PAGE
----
This paper argues that existing food security and food sovereignty approaches are inadequate to fully understand contradictory human development, nutrition, and productivity trends in Nepalese small-scale agriculture. In an attempt to bridge this gap, we developed a new food wellbeing approach that combines insights from food security, food sovereignty, and social wellbeing perspectives. We used the approach to frame 65 semi-structured interviews in a cluster of villages in Kaski district in the mid-hills of Nepal on various aspects of food security, (...) agriculture, off-farm livelihood opportunities, and women’s wellbeing. Our results indicate that context-specific subjective and social relational factors highlighted by the food wellbeing approach are key to understanding a paradox of increased food security, yet decreasing sustainability of small-scale agriculture. Increased levels of male out-migration and opportunities for local off-farm work have increased local capacity to purchase food. The positive consequences for food security are indicated by evidence that households with non-farm income sources had better food sufficiency, absorption capacity, nutritional quality, and stability of food supply. These off-farm employment opportunities have also led to the greater involvement of low caste groups and women in small-scale agriculture. This has been empowering for both groups and led to an increase in wellbeing, particularly for those women who have become de facto heads of household. Yet, small landholdings, persistent patterns of unequal and absentee land ownership, sharecropping, women’s overwork, and the aspirations of low caste farmers and women away from agriculture are simultaneously driving the erosion of local small-scale agricultural productivity and ecological sustainability. (shrink)
This study in Bangladesh found that inter-cluster variation in the use of modern reversible methods of contraception was significantly attributable to the educational levels of the female family planning workers working in the clusters. Women belonging to clusters served by educated workers had a higher probability of being contraceptive users than those whose workers had only completed primary education. At the household level, important determinants of use were socioeconomic status and religion. At the individual level, the woman being the wife (...) of the household head and having some education were positively related to her being a user. The model also found that inter-household variation was significantly greater than inter-cluster variation. Finally, the study concludes that after controlling for various covariates at all three levels, the clusters do not have significantly different levels of use of modern reversible methods of contraception. There are, however, some special areas where contraceptive use is dramatically low, and these contribute significantly to the observed inter-cluster variation. (shrink)
Northoff provides a compelling argument supporting a kind of “double dissociation” of Parkinson's disease and catatonia. We discuss a related form of akinetic mutism linked to mesodiencephalic injuries and suggest an alternative to the proposed “horizontal” versus “vertical” modulation distinction. Rather than a “directional” difference in patterned neuronal activity, we propose that both disorders reflect hypersynchrony within typically interdependent but segregated networks facilitated by a common thalamic gating mechanism.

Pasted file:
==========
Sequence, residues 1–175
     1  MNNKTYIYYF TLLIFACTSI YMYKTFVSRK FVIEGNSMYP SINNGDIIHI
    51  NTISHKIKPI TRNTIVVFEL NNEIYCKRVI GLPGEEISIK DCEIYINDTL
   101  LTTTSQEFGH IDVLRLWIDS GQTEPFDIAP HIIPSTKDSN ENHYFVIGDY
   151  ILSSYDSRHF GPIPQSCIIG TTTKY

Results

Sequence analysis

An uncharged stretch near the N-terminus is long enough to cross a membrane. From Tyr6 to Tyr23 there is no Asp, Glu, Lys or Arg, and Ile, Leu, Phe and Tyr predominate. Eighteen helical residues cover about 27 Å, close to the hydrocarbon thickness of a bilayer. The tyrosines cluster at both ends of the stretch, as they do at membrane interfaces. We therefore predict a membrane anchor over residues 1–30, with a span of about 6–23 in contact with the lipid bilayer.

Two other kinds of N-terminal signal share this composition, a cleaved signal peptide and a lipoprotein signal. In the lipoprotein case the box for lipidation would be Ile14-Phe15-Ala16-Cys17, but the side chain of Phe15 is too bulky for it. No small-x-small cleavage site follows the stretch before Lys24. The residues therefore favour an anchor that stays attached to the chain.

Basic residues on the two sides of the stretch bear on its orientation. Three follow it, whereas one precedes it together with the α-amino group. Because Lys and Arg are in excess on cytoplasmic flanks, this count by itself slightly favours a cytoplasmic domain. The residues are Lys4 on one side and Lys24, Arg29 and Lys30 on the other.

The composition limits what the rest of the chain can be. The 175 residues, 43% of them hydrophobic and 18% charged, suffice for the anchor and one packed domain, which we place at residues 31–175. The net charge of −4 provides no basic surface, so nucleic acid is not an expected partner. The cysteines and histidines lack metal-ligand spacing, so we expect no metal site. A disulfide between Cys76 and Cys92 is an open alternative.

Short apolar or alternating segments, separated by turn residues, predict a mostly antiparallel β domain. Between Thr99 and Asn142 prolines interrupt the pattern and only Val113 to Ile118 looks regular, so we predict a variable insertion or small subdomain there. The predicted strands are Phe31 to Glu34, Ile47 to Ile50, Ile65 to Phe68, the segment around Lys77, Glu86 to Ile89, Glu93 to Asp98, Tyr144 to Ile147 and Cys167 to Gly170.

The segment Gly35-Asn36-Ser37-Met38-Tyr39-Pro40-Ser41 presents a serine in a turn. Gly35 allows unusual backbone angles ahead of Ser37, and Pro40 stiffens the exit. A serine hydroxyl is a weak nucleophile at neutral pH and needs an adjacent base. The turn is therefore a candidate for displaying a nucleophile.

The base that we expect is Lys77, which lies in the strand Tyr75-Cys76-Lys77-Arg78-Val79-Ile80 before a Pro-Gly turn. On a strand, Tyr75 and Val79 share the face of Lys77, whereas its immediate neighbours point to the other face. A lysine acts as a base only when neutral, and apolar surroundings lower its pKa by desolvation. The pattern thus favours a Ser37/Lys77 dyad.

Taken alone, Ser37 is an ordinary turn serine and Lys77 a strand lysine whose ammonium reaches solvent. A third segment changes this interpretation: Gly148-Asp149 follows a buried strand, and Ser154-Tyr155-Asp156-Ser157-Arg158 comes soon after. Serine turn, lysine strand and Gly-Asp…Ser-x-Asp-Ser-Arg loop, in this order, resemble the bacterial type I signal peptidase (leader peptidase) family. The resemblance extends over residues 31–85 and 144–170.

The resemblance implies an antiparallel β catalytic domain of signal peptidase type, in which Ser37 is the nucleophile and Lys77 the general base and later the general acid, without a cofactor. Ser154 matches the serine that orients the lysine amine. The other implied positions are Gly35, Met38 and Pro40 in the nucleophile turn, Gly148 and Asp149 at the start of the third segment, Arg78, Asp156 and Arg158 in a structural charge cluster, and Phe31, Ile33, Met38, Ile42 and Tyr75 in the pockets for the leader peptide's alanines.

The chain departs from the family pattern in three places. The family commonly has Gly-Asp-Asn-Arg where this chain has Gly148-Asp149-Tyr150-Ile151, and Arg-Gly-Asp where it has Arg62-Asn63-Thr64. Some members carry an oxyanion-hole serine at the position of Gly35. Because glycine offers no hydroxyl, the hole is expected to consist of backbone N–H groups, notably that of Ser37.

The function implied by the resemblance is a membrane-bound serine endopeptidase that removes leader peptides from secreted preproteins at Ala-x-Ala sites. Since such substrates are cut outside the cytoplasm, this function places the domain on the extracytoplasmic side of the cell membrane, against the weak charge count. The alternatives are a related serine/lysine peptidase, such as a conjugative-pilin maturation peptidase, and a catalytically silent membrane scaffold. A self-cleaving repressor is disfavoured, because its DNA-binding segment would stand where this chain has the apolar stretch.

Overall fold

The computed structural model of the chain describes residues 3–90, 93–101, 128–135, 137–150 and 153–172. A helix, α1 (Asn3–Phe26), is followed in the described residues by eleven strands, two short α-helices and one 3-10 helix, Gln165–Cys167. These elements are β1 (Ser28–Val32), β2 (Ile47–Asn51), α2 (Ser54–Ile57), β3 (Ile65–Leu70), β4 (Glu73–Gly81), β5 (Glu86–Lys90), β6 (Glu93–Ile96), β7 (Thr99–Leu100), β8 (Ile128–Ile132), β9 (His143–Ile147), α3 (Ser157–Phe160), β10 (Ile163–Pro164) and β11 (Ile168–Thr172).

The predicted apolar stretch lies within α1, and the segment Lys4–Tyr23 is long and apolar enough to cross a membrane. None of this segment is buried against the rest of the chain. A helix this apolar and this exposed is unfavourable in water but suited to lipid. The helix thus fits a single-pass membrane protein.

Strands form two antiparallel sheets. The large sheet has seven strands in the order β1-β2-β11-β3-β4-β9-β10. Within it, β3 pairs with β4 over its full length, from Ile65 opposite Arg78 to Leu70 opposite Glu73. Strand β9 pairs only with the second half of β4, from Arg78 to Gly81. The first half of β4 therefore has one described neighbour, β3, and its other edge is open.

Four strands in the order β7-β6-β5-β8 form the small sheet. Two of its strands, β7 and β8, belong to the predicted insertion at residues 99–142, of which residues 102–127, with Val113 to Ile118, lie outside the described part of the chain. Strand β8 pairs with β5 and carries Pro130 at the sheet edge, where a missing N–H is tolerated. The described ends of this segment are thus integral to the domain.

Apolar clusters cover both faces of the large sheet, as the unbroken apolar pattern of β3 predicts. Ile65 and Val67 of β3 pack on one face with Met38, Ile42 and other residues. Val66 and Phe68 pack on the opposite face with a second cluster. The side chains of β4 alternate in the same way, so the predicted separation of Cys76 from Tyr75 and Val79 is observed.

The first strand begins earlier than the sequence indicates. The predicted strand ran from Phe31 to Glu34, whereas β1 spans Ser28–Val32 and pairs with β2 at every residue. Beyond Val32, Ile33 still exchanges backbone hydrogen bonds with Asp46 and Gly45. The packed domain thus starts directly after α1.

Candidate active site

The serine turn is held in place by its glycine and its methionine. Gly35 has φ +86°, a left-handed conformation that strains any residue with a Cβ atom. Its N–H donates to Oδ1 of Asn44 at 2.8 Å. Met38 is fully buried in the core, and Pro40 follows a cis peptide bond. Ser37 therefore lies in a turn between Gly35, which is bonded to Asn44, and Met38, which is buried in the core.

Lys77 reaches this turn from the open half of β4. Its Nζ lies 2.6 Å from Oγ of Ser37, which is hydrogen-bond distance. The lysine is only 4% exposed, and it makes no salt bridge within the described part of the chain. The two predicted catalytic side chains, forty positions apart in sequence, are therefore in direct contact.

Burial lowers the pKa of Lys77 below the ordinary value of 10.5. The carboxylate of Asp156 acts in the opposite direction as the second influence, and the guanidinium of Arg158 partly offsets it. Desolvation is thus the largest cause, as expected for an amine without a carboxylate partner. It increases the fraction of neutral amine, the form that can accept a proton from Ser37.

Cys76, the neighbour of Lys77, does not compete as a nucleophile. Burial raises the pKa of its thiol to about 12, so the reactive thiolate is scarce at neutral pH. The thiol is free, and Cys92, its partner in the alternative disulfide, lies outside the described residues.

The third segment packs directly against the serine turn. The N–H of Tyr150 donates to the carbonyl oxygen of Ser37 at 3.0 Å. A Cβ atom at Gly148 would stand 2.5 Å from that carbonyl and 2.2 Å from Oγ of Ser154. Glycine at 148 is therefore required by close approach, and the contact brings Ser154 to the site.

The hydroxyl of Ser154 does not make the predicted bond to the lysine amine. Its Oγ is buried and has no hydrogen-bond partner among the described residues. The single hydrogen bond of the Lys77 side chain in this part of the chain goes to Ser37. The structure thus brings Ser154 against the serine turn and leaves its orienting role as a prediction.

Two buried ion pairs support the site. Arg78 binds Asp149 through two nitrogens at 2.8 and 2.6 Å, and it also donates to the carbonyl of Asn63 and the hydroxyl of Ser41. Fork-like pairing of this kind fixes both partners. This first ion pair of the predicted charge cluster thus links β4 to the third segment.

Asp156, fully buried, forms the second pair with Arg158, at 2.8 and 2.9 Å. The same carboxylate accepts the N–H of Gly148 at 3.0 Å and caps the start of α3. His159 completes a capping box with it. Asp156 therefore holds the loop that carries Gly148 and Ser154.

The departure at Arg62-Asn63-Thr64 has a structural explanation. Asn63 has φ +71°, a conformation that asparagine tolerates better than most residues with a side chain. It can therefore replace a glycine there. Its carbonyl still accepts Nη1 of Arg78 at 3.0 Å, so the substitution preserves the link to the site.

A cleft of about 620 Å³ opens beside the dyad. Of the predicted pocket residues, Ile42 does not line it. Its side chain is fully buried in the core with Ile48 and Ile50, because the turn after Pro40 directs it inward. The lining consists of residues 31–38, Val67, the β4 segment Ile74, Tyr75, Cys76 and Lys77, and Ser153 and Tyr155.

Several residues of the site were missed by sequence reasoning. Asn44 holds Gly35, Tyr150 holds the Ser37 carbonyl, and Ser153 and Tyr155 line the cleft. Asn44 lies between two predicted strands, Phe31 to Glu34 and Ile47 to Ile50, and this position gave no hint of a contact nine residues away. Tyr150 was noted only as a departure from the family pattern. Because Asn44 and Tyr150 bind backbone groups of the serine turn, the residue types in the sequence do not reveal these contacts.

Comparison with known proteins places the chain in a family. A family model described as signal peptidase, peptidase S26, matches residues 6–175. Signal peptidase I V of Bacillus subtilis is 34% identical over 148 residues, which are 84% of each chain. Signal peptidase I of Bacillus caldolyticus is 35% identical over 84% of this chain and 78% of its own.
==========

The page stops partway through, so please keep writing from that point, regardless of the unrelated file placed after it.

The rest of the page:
Sabzawari is one of the greatest Muslim philosophers of the nineteenth century. He belongs to Sadrian Existentialism, which became a dominant philosophical tradition during the Qajar dynasty in Iran. This paper critically analyses Sabzawari’s ontological discussion on the dichotomy of existence and quiddity and the relation between existence and non-existence. It argues against Sabzawari by advocating the idea that ‘Existence’ rather than quiddity is the ground for identity as well as for diversity, and that non-existence, like existence, is able to (...) produce an effect. (shrink)
This paper deals with the doctrine of transubstantial change advocated by Mulla Sadra in which substances as well as accidents are thought to be in constant and gradual change. Against Aristotle’s doctrine of accidental change, Mulla Sadra argues that no stable ground can bring about change and since substance is renewable it cannot carry identity of a changing existent. Here we investigate whether identity is possible or not. If it is possible then what becomes a ground for establishing identity of (...) changing substances. (shrink)
In 2015, Wan Kamal Mujani, a Professor of Islamic History and Siti Nurulizah Musa, a postgraduate student in Arabic and Islamic Studies, both from Universiti Kebangsaan Malaysia published an edited book entitled ‘Arab Spring’: Factor and Impact. Written in Malay and published by the Faculty of Islamic Studies of Universiti Kebangsaan Malaysia. This volume comprises of fourteen chapters on the ‘Arab Spring’. They approach this phenomenon from different perspectives in order to guide the readers understand selected issues arising arose (...) from those momentous events that shook the Arab world between 2011 and 2012. (shrink)